--
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DonkeyHody wrote:

Digital meters have very high input impedance and are notorious for showing "phantom" voltages on circuits that are dead, but adjacent to live ones. The solenoid "Wiggy" testers are popular since they don't have this trait.
BTW, not that you've found one loose connection at a failing receptacle, buy yourself a couple boxes of spec grade receptacles and perhaps switches as well and spend a weekend replacing the old ones and checking and tightening all the connections. Time well spent in improving safety. That bad connection was likely getting pretty warm every time the hair dryer was in use before it finally failed.
Pete C.
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Pete C. wrote:
> BTW, not that you've found one loose connection at a failing receptacle, > buy yourself a couple boxes of spec grade receptacles and perhaps > switches as well and spend a weekend replacing the old ones and checking > and tightening all the connections.
Define "spec grade"<G>.
Every wiring device on the planet is "spec grade", just depends on what is defined as "spec".
Lew
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Lew Hodgett wrote:

I don't need to define it, the electrical manufacturers already have and "spec grade" is stamped right into the devices. HD and Lowe's tend to label the bins "commercial grade" or "industrial grade", but the devices are marked "spec grade". They are vastly better than the $0.50 pieces of junk that I'm surprised are even approved for use.
Pete C.
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Pete C. wrote:
> > I don't need to define it, the electrical manufacturers already have and > "spec grade" is stamped right into the devices.
You're right, we did it and so did all the competitors.
Was and still is a good marketing gimmick.
Lew
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Lew Hodgett wrote:

So you're claiming that there is no difference between the $0.50 garbage and the "spec grade" devices other than the "spec grade" marking? I've compared the two side by side and they are vastly different in quality, particularly contact area and contact pressure.
Pete C.
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Pete C. wrote:
> So you're claiming that there is no difference between the $0.50 garbage > and the "spec grade" devices other than the "spec grade" marking? I've > compared the two side by side and they are vastly different in quality, > particularly contact area and contact pressure.
No, you are missing the point.
As you call it, "$0.50 garbage", am assuming you are referring to residential grade devices, can actually be called "spec grade", the "spec" being "residential".
The term "spec grade" is strictly generic and can be used to define almost any family of devices.
BTW, I'm with you, I wouldn't use the "$0.50 garbage" either.
Next time you need receptacles, take a look at a 5262.
It is back/side wired and designed for the high end industrial market.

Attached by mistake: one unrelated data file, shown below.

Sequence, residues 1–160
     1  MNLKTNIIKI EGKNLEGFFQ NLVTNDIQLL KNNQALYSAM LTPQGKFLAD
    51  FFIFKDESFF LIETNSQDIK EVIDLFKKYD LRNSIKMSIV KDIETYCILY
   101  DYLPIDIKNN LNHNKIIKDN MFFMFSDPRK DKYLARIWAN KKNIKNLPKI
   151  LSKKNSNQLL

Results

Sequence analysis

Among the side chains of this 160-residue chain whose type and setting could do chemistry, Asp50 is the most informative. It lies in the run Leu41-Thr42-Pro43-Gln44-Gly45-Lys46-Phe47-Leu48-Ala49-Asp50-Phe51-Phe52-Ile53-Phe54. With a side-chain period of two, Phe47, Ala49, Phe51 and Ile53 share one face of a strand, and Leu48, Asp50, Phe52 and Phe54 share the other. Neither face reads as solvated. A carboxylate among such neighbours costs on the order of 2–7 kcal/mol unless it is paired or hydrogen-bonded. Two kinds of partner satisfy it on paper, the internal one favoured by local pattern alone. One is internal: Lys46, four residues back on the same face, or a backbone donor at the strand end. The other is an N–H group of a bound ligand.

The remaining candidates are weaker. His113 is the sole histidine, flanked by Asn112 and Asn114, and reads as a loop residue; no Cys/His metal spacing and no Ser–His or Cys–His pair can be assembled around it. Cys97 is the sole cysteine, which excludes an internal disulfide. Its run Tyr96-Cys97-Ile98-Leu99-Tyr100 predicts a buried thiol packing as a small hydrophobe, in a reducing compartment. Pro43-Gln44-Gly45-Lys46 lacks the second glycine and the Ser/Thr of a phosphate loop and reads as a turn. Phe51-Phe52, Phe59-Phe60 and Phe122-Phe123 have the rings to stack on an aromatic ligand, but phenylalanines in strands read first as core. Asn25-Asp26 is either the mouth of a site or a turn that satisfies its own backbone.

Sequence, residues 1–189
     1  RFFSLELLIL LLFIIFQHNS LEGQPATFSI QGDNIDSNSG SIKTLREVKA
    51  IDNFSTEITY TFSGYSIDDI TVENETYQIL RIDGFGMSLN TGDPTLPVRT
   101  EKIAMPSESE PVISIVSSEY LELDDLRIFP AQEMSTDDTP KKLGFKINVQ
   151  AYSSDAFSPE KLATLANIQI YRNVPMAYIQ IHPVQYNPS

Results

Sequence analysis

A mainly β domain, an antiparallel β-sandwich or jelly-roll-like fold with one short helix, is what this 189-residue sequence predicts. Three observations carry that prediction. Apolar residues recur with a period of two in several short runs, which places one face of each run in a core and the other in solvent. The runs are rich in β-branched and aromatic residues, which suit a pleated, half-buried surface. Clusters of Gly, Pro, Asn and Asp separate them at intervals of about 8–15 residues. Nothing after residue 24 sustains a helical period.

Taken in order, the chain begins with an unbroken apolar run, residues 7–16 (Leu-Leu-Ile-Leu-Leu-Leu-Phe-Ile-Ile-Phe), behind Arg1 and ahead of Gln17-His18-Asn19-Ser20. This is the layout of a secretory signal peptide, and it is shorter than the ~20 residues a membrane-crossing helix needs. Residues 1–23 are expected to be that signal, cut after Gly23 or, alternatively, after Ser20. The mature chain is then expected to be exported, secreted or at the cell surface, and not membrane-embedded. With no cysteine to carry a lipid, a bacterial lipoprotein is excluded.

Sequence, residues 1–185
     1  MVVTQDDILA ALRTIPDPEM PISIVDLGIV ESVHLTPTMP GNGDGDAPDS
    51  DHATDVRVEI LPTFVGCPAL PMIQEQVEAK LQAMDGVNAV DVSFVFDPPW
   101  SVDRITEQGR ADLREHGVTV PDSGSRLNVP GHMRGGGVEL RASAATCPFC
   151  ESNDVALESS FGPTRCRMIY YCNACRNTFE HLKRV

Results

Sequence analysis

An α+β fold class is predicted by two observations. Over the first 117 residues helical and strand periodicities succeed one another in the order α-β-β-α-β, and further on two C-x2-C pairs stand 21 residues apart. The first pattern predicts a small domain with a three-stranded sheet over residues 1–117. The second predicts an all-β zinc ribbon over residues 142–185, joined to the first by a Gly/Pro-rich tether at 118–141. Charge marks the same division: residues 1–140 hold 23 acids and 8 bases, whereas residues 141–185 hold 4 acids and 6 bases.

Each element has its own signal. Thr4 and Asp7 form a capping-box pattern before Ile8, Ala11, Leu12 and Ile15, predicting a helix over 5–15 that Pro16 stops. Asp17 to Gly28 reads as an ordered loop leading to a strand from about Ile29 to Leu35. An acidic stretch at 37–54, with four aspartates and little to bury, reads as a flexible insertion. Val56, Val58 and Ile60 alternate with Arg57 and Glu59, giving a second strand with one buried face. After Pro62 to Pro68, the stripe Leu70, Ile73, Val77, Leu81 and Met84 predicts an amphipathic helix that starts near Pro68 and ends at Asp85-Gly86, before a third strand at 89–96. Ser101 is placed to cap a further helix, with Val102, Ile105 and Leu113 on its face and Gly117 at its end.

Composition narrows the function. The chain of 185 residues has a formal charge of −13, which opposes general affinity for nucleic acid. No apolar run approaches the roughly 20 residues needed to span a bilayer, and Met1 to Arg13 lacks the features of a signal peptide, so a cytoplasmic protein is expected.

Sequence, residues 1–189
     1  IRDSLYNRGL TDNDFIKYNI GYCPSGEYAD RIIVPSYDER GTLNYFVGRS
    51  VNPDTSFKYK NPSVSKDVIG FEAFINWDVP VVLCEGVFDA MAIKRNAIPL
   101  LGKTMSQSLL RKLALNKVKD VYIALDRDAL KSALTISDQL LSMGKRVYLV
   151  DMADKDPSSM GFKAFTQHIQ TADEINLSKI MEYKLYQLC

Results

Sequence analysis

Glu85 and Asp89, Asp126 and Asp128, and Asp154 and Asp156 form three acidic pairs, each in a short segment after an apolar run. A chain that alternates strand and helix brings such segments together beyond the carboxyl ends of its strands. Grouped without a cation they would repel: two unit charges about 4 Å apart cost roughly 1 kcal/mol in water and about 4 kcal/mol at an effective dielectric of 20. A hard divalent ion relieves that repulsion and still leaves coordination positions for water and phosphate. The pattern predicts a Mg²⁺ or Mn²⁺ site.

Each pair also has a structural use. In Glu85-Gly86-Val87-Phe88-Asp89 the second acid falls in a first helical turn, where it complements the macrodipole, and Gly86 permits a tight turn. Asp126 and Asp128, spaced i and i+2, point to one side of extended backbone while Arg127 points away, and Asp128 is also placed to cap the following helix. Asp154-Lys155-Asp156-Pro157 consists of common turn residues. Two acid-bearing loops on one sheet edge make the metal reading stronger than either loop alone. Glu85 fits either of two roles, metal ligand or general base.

Think you might will be happy with it.
Lew
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Lew Hodgett wrote:

I suppose it's like the "blueprinted engine" term, not very meaningful or specific, but with a generally accepted definition indicating built to tighter tolerances.
Pete C.
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Lew Hodgett wrote:

Old horse I guess. When I did my house I did 5252 from P&S. It is labeled specification grade on the box. Side and back wire screw. No wimpy push the wire in buzz and spark connections. They were a few dollars more than the cheap ones but they might last a long time. I do not know how many I used but I guess it added a few hundred dollars in materials. I also used the same spec grade type switches. Maybe overkill like wiring the circuits with 12 guage but oh well. Another 10 years and the mortgage is paid off. I think I will not have to replace any receptacles or light switches by then. Who knows. I first saw those wimpy electrical receptacles and switches when I worked in home construction setting tile and sometimes installed trim or framed. When I got a job in a 80,000 sf building I got to touch quality receptacles. Kind of like using a Bosch sabre saw after using $30 sabre saws. On the other hand friends who had houses built the same time have not replaced receptacles or switches so maybe I wasted money. It would not be the first time.
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Jim Behning wrote:
> Old horse I guess. When I did my house I did 5252 from P&S. It is > labeled specification grade on the box. Side and back wire screw. No > wimpy push the wire in buzz and spark connections.
There are actually 3 grades of receptacles for commercial/industrial work:
5242 (lowest), 5252(medium) & 5262(highest).
After that you get into the really high cotton with 8300 which is hospital grade.
H/G devices are very easy to spot. They have a green dot on the face.
Lew
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Lew Hodgett wrote:

Now you have me curious. But I do not have any electrician friends and do not want to bother a supply house with a "Can I see all three receptacles?" What differs among the three grades? The back wire and clamp was what I wanted along with heavier duty. HD carried them sometimes. I did have to hit a few stores after I emptied out the first store.